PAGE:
Since the abandoniabes of gold standards by all countries, currencies have just made money, that is, the means of exchange, without their own independent value but which is repaired by the publisher countries or felt by people who use it. […]
Since the abandoniabes of gold standards by all countries, currencies have just made money, that is, the means of exchange, without their own independent value but which is repaired by the publisher countries or felt by people who use it. Thus, they can lose their relative value in two ways – by referring to other stronger currencies, or for the goods and services they can buy, the first is called the final devaluation and inflation. However, this is not a separate but intertwined financial phenomenon, and they are not limited to one country, given that we are currently trading in the global market.
Devaluation is, as a regulation, sanctified by the government, which, through the central bank, reduces the value of the national currency against other currencies, improves the new exchange rate. Why will it act this way? To compensate for the argument out of capital or the trade deficit, requires its citizens to limit their import purchases and buy more domestic goods, hoping to obtain a trade surplus in the end. But given that the value of money is also a problem of perception, if currency traders feel that currency weakens, they can sell it for foreign exchange reserves from relevant countries and require the government to reduce the value of the currency. In addition to the trade deficit, the budget deficit can also cause devaluation, if the resort government to print more money to pay its debt. An excessive supply of money causes inflation, where the purchasing power of the currency will decrease, and so is the value of foreign currency or gold, which means re-devaluation.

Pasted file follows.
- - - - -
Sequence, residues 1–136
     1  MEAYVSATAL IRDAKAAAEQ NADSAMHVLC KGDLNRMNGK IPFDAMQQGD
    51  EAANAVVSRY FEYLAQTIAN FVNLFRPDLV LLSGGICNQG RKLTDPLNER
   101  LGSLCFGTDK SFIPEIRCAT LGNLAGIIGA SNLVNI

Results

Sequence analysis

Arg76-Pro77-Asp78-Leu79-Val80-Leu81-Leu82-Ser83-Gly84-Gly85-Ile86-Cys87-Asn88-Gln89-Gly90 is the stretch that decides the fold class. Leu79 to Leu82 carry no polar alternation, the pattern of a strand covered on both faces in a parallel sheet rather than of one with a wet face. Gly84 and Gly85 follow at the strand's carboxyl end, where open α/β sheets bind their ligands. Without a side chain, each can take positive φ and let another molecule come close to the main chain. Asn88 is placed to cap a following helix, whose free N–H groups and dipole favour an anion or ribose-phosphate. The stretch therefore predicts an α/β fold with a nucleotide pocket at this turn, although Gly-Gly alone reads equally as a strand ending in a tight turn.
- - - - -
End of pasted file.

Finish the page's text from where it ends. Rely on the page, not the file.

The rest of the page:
What happens when the currency losses value? Well, it affects the entire financial system, therefore a wealth of a country. There are only three financial sectors where money can be invested and profit made: Bond market, FX and precious metals. What happens with bonds in such a scenario? Bank assets are only valuable as far as the currency where they are declared to maintain their value, because the nominal value of the bond is assessed by conversion into a currency. But with the sovereignty of all western states expressed in trillion dollars, bonds are only paper. So the owner of the bond will sell it for those from a better state or just buy gold. The same thing will happen to the FX market: When currency traders are faced with weakened currencies, they go for a stronger, or, if nothing, they will use the same hedge: gold.
The main problem is a large devaluation of the US dollar which is a global trading currency and global reserve currency. Because of the devaluation, all commodity prices and services are increasing; That is why, for example, oil has reached a record highlight lately. On the other hand, the central bank, the currency spent is supported by the dollar, must sell dollars in exchange for stronger currencies or gold. Both the central bank and people will buy gold as a fence against the weakening dollar further that American debt that continues to increase is likely to cause.